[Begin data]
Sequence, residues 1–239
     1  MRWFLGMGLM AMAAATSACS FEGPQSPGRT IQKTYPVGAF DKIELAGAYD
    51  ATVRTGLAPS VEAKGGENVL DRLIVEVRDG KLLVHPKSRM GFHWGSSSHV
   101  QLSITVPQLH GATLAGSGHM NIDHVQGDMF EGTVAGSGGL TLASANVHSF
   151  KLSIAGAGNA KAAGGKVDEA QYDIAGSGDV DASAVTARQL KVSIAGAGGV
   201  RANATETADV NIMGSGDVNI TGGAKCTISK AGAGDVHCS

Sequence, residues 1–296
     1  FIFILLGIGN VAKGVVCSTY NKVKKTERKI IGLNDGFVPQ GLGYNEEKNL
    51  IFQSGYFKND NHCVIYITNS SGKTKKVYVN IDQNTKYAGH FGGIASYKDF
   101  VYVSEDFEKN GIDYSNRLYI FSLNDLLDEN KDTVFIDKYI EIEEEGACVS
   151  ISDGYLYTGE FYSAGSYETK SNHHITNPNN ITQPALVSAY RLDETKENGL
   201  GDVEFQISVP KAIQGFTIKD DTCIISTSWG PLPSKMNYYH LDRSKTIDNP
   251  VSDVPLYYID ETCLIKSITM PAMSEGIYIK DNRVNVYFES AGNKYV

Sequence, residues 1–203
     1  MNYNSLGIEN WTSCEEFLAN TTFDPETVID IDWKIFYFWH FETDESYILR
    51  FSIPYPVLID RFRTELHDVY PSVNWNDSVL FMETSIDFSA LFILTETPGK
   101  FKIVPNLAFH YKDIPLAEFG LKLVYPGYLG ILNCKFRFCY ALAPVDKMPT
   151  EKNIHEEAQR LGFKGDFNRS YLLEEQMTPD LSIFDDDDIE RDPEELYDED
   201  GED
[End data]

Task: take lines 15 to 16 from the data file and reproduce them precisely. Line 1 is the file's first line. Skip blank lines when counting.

     1  MNYNSLGIEN WTSCEEFLAN TTFDPETVID IDWKIFYFWH FETDESYILR
    51  FSIPYPVLID RFRTELHDVY PSVNWNDSVL FMETSIDFSA LFILTETPGK